At last month’s World Economic Forum meeting in Davos, I begged my way into Reuters’ mojo – mobile journalist – project and was one of a score of delegates and reporters to get a Nokia N82 mojo phone. Reuters picked the phone because it has a high-quality camera and operates at high speed. For their own journalists, they kit it out with a wireless keyboard, a tiny tripod, a solar battery, and a decent microphone, together with software that enables reporters to organize and publish text, photos, and video onto blogs. They kitted the Davoscenti – including me, Reuters CEO Tom Glocer and WPP CEO Sir Martin Sorrell – with just the camera-phone and simpler software that let us upload videos in two clicks.

At last year’s Davos, I recorded interviews and pieces with a small consumer video camera that I was able to take into more places than jealous big media could, lugging their heavy and obvious equipment. I shot YouTube cofounder saying for the first time that Google would share revenue with video producers and I put that on YouTube. To do that, I had to import the video onto my Mac and edit and encode it and then upload it online: a hassle and a delay.

This year, when I ran into David Cameron in the halls of Davos, alone and without handlers, I walked up and asked him about his own small video work at Webcameron, which I’ve covered in this column. I whipped out my mojo Nokia and asked whether he’d mind my recording it. I told him I was doing this for Reuters, but I can’t imagine he took that seriously, for I was just using a phone. How could that be professional?

And there is the first fundamental change brought on by the mojo phone: It’s small, unobtrusive, unthreatening. You don’t feel as if you’re talking to a camera and, in turn, to thousands or millions online. You’re talking to a phone; how silly. Other Reuters mojo journalists told me they had the same experience: It makes recording people more casual and perhaps candid and certainly easier.

The camera-phone also allowed me to record moments without drawing attention to myself. At Google’s Davos party, I recorded 14 precious seconds of long-time White House aide David Gergen boogying on the dance floor. As Henry Kissinger stood before a computer recording a video for YouTube, I stood next to him recording the event myself; I went unnoticed. Of course, there are issues: Is any moment of our lives now fodder for broadcast? It’s sobering enough that Britons are tracked everywhere by CCTV cameras, but now you’ll be followed by camera-carrying citizens who could be journalists (but who, even if they’re not, can still broadcast you on YouTube). Life is on the record.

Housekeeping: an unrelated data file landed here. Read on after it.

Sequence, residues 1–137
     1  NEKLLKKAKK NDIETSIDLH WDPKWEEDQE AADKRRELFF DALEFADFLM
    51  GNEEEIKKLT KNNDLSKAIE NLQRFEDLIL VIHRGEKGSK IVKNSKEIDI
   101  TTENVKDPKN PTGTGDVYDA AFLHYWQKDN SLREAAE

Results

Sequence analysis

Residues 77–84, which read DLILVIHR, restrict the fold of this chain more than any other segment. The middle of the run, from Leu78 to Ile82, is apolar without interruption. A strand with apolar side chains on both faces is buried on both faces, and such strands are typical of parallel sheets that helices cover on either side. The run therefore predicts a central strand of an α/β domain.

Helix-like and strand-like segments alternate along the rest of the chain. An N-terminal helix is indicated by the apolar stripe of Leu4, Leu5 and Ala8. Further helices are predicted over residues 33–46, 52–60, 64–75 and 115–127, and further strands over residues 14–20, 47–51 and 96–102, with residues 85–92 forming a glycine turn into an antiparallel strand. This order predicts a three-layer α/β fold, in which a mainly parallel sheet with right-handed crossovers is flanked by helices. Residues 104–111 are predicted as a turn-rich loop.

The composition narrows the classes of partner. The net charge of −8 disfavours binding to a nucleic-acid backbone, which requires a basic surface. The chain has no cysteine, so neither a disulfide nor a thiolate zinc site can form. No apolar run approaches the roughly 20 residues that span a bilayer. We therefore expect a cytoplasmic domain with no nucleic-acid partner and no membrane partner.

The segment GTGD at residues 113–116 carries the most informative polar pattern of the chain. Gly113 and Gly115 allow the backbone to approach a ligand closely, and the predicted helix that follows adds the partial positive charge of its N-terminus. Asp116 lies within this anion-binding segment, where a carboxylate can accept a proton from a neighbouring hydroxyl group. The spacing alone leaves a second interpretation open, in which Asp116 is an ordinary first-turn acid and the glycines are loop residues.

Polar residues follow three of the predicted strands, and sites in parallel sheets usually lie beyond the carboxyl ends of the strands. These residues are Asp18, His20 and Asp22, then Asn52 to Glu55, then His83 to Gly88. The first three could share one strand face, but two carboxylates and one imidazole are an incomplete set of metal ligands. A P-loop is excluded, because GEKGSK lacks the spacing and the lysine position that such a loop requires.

Another key change to journalism brought on by the mojo camera is a difference in how video is used in telling stories. I felt no need to produce a piece or write a story to surround those Davos clips. The snippet is sufficient. I can also see using such video clips as part of larger stories – they become moving and talking pictures. They become part of a multimedia narrative, now that journalists no longer need to pick one medium but can work in them all. In short, we’re not using cameras to make TV with all its trappings and orthodoxies. We’re just making video, video that’s good enough to tell a story.

There’s one additional and even more radical use for the mojo phone: I was able to use it to broadcast live to the internet using Qik.com. Live changes everything.

I conclude from my few days as a mojo in the rarified and thin air of Davos that all journalists – print, broadcast; writer, photographer; reporter, editor – should be equipped as mojos. The Nokia is lovely and all the better because it can upload or broadcast while mobile and can be used to send photos to Flickr and tweets to Twitter (more on that another week). But for the cash-strapped news organization, may I also recommend the $90 Flip Video, which records 30 minutes for upload straight to YouTube via a PC. At Davos, I showed it to the editor of Bild, Germany’s largest newspaper, and he’s ready to buy them by the gross. For today, a wired journalist without a camera and connectivity is like a hack without a pencil.

(Videos mentioned here may be seen at www.buzzmachine.com/mojo.)

Google’s killer crowdsourcing tool

I just created a questionnaire asking what you would kill in a newspaper’s budget if you had to cut costs. Please do go fill it out now.

This is made possible by the new Google Forms, which enables you to create web or email forms people can fill out, with the results pouring into a spreadsheet. This is incredible for surveys and other projects in which you want to gather a lot of data — like WNYC’s Are You Being Gouged project. It’s so simple but so powerful.

(Inspired by Steve Rubel)

Davos08: Tiny cameras

Small video cameras are already the hot thing, gadgetwise, at this year’s Davos. Robert Scoble is broadcasting live from his mobile phone, as Jason Calacanis did at DLD. Loic LeMeur is making videos all over for Seesmic (with a bigger camera). I’m playing with the Reuters/Nokia mojo cameraphone (see the videos below). The YouTube Davos Conversation booth is recording the machers on video with tiny cameras.

And I showed my FlipVideo (the $79, 30-minute, dead-easy video camera) to Kai Diekmann, editor of the biggest paper, by far, in Germany: Bild. He gets thousands of photos from his readers, who send it up to a simple number via their mobile phones. Now he’s practicing networked journalism and assigning and mobilizing them to shoot things. He also told me that next week, they’ll have a top chef from a popular German food show telling readers in the paper to send in videos that he will put on his show. Where’s the line among media there? Diekmann is then doing with videos what he did with phones and so he was wowed by the Flip and wants to order a thousand of htem. That’s what happens whenever I show it to open-minded new people: I tell them they should buy them by the dozen and distribute them to their readers to become producers. Here’s Diekmann: